Mr Bell Visits The Old Croydon Airport

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On the first Sunday of every month the Croydon Airport Visitor Centre opens its doors to the general public, it’s free to visit and gives a fascinating glimpse of the early days of air travel.

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Originally known as Royal Flying Corps Beddington Aerodrome, Croydon Airport began life during World War I when it was rapidly constructed in 1915 as one of the airfields to defend London from German airship and bomber attack. In 1918 Beddington Aerodrome became an RAF flying training establishment with the National Aircraft Factory No.1 and Waddon Aerodrome being built next door.

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After the war the two airfields were merged to create Croydon Aerodrome. On the 29th March 1920 all of London’s commercial air traffic was moved to the larger airport. Britain’s first national airline, Imperial Airways, was formed at Croydon in 1924. Imperial Airways was the forerunner to today’s British Airways.

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Approaching the old terminal building you get a real sense of what air travel must have been like in those early days. This terminal building was opened in 1928 and set new standards for air travel. At the time it was the world’s biggest and most advanced airport although by today’s standards it’s tiny.

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As you enter the terminal building you walk straight into what would have been the booking hall, these days it’s an office building so there’s not really much left see.

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There are lots of old posters and photographs hung around the walls and there’s a beautiful domed glass ceiling in the middle that fills the room with light. We waited in this area for our guide and the tour to begin.

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Our guide joined us and explained a little about the booking hall and how the check in process worked. We were then taken through a corridor following the same route the passengers would have taken to reach their aircraft.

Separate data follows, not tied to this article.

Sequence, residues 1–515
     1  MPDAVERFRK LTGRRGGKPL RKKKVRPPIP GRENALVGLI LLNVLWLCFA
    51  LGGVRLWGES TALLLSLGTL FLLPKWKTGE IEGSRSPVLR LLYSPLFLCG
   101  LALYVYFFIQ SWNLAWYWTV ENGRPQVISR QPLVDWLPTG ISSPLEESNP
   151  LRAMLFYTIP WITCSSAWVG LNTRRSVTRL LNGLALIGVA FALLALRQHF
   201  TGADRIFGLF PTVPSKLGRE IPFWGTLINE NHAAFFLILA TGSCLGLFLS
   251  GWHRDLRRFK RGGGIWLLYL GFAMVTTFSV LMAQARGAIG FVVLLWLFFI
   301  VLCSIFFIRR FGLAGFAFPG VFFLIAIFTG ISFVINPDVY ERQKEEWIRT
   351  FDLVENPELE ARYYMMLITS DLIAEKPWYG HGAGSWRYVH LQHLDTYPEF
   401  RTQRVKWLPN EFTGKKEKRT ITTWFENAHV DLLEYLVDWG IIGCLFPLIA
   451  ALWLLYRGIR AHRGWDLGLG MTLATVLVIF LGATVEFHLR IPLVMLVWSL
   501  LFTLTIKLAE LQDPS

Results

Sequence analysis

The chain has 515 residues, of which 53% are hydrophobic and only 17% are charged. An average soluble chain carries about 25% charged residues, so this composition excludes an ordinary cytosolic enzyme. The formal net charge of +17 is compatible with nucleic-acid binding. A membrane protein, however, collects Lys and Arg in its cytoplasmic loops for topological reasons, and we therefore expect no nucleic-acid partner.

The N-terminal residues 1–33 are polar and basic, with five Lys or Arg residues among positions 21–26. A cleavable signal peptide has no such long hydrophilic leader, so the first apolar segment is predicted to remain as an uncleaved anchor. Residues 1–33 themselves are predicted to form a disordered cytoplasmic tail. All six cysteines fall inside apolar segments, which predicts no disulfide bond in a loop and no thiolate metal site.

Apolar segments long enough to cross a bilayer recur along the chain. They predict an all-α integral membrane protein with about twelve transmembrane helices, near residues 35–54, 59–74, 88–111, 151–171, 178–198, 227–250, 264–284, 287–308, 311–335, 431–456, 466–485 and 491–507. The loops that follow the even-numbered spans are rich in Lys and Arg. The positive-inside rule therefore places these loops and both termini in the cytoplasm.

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There were many photo’s on the walls some showing Amy Johnson who started her record breaking solo flight to Australia from Croydon in 1930. In 1929 Charles Kingsford-Smith set a record flying time from Australia to the UK landing at Croydon after 12 days and 14 hours. Sydney’s International Airport is named after him.

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Today the old entrance out to where people would have boarded their planes is long gone but you can still see an original set of wooden steps that would have been used to board the aircraft.

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Upstairs there were a couple of rooms filled with all different types of historical items. Old wooden propellers, pilots uniforms, weighing scales for luggage, onboard crockery and even some old aircraft passenger seats.

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One more flight of stairs and we entered the old Air Traffic Control Tower. In those early days Croydon had a high level of airliner traffic and to ensure the safety of operations a more robust system was needed. At the time with the help of new radio technology Croydon became the first airport in the world to use Air Traffic Control. The techniques first used here were later adopted by other international airports around the world and even today still underpin the safety of global air travel.

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The control tower was fascinating with displays set up to show how aircraft were monitored and moved around the airfield. Our guide explained how it all worked and pointed out different areas of the airfield and where things like the runways were as a lot of the area has now been built on.

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Our time was nearly up and like Croydon we had to move on to make room for others. Croydon remained the UK’s international gateway until the outbreak of World War II when it became RAF Croydon. It returned to civilian use in 1946, some international airlines returned although by this time Heathrow had been designated London’s international airport. Croydon closed with the last flight leaving on 30th September 1959.


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